Cre­ative HQ’s youth fo­cused en­trepreneur­ship ac­cel­er­a­tor was the per­fect en­vi­ron­ment for Re­becca Gi­dall to de­velop her on­line em­ploy­ment por­tal.


Sur­round your­self with great peo­ple, and amaz­ing things will hap­pen. That could eas­ily be the mantra of Re­becca Gi­dall, co-founder of the on­line por­tal for part-time em­ploy­ment – ap­pro­pri­ately named PartTimer.

It’s hard to be­lieve Re­becca is just 20- year old. She has al­ready achieved so much by fore­go­ing cus­tom­ary univer­sity study and launch­ing her­self into a busi­ness of her own – in part­ner­ship with exXero GM of sales Viv Mor­re­sey, who’s on board as man­ag­ing di­rec­tor.

Re­becca caught the en­tre­pre­neur­ial bug dur­ing her final two years at Nel­son Col­lege for Girls through the Young En­ter­prise Scheme.

The con­cept for PartTimer first came about in early 2016 when Re­becca and five team mates took part in Cre­ative HQ’s six-week Ven­ture Up sum­mer en­tre­pre­neur pro­gramme for school leavers. The idea was born out of frus­tra­tion in find­ing a job as a high school stu­dent.

“We had all ei­ther ex­pe­ri­enced this for our­selves, or wit­nessed our peers hav­ing trou­ble with tra­di­tional re­cruit­ment,” she says. “Be­cause the tra­di­tional sys­tem puts a heavy fo­cus on the very things we didn’t have – qual­i­fi­ca­tions and ex­pe­ri­ence.”

PartTimer helps stu­dents gain their first part-time job by get­ting em­ploy­ers to judge them based on pos­i­tive at­tributes, such as their vol­un­teer­ing ef­forts and/or at­ti­tude to­wards work.

To­day the on­line por­tal has evolved to in­clude peo­ple of all ages, but Re­becca says the idea of be­ing able to find a job with­out spe­cific skills is still cen­tral to the sys­tem’s DNA.

She’s in­cred­i­bly grate­ful for the Ven­ture Up op­por­tu­nity, de­scrib­ing the pro­gramme as “a hugely im­por­tant fac­tor in PartTimer’s suc­cess”.

“On a per­sonal level, Ven­ture Up com­pletely al­tered my life for the bet­ter. With­out Ven­ture Up, I never would have been ex­posed to the plethora of op­por­tu­ni­ties which are now pre­sented to me, and I never would have be­lieved that what I’m do­ing now was ac­tu­ally pos­si­ble.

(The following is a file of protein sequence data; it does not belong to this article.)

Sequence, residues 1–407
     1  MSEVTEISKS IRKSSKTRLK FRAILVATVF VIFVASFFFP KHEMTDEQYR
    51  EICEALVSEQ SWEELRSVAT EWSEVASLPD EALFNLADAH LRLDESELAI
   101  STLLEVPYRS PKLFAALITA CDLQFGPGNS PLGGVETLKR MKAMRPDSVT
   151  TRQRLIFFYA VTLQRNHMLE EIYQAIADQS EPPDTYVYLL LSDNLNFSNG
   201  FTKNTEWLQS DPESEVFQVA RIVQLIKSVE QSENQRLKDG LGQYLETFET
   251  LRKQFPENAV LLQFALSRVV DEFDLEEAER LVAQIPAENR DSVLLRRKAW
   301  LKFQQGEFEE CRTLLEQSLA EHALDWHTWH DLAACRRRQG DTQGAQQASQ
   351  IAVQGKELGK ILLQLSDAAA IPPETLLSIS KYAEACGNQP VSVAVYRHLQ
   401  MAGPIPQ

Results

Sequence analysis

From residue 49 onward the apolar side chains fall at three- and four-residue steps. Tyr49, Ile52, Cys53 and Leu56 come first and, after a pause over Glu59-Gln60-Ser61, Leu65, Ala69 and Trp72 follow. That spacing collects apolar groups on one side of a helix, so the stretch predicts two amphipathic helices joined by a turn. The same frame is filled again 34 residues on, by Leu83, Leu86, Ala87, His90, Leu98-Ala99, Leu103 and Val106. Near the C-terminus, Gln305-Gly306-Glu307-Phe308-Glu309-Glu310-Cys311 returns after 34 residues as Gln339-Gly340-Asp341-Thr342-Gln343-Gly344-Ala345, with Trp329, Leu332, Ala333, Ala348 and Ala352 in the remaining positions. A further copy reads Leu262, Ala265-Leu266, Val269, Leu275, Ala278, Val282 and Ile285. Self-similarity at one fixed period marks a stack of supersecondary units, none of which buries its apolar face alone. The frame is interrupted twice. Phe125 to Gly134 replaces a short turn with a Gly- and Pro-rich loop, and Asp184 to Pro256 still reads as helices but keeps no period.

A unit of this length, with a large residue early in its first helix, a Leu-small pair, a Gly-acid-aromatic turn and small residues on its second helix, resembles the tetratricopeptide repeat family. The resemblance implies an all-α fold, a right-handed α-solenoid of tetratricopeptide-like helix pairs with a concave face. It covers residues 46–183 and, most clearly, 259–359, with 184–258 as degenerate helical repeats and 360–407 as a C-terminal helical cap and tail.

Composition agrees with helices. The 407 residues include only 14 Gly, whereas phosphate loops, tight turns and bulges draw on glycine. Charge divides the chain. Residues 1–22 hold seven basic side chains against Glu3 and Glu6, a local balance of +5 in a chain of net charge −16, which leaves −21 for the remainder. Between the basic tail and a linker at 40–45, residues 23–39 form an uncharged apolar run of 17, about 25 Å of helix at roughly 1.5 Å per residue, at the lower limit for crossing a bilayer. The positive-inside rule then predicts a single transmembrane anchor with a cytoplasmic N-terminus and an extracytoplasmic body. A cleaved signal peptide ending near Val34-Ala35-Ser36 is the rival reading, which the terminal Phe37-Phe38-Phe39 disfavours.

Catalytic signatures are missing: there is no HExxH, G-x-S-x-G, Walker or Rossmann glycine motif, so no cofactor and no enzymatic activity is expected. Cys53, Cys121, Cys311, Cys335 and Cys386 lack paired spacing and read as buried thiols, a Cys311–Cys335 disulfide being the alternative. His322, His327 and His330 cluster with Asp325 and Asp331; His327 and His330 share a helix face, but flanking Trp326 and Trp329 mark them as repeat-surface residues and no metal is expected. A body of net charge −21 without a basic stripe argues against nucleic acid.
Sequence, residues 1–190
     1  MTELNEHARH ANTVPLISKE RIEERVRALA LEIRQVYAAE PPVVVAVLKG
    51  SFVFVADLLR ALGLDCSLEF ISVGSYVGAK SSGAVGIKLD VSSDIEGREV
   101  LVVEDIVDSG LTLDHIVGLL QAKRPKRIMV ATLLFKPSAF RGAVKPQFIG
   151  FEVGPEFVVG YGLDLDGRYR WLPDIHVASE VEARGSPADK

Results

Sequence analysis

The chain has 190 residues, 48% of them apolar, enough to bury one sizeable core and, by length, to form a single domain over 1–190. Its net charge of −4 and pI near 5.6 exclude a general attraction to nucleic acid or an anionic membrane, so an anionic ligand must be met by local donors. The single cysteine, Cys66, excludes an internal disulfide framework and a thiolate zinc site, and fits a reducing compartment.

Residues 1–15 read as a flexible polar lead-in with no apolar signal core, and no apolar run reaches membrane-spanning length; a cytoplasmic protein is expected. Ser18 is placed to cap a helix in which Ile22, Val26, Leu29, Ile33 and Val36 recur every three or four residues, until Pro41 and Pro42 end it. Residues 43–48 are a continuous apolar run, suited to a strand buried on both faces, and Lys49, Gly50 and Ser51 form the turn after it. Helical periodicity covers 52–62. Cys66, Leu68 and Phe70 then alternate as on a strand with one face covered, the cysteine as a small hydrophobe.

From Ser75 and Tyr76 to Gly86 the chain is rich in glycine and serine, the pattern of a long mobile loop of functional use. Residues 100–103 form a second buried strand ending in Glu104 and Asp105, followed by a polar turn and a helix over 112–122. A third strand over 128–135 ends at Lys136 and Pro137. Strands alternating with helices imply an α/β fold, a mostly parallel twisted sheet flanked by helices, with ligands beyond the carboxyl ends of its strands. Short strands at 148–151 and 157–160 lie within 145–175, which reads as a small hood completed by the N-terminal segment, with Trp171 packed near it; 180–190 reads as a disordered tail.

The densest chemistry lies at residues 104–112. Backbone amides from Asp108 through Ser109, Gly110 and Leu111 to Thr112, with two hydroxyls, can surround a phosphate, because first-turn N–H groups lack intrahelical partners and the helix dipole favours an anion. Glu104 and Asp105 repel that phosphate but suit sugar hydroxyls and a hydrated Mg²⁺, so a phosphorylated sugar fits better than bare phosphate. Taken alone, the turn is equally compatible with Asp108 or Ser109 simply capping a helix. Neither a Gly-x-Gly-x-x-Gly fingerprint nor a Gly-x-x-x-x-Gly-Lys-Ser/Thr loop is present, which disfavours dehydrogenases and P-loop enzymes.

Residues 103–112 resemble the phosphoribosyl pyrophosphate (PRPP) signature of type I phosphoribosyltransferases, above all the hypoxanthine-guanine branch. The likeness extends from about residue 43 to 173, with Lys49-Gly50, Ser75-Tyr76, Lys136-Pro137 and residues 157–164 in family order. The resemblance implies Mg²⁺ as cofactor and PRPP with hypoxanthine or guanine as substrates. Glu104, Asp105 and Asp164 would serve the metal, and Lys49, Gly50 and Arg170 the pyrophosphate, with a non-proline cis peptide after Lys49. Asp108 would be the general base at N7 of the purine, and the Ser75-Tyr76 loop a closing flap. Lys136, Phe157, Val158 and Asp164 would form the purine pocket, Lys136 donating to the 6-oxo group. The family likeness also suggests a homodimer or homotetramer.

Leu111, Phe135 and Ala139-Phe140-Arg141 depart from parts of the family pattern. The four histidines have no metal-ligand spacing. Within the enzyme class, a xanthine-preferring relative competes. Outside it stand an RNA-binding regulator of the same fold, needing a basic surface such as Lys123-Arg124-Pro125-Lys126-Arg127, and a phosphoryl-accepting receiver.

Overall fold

“With­out the pro­gramme, I’d be at Univer­sity study­ing for a de­gree that I didn’t re­ally want to be do­ing, sim­ply be­cause I thought it was the only path to the ‘suc­cess’ I dreamt of.”

Re­becca was in­tro­duced to co-founder Viv through Ven­ture Up. Af­ter de­cid­ing to pur­sue the busi­ness to­gether, both Ven­ture Up and par­ent com­pany Cre­ative HQ pro­vided on­go­ing men­tor­ing sup­port as well as of­fice space.

“Hav­ing Viv come into the start-up at [mar­ket test­ing] stage had a hugely pos­i­tive im­pact on the busi­ness,” re­calls Re­becca. “He brought ex­pe­ri­ence, con­nec­tions, as well as our first seed cap­i­tal, giv­ing us around three months of run­way.

“With­out those three key things, PartTimer would never have got­ten to where it is to­day. So I am hugely grate­ful for Viv.”

Be­sides rais­ing the fund­ing, Re­becca says the big­gest achieve­ment so far was the first end-to-end ful­fil­ment of their ser­vice.

“It re­ally felt like a mas­sive mile­stone; it showed that the ma­chine truly worked, and we were head­ing in the right di­rec­tion – it truly is an amaz­ing feel­ing.”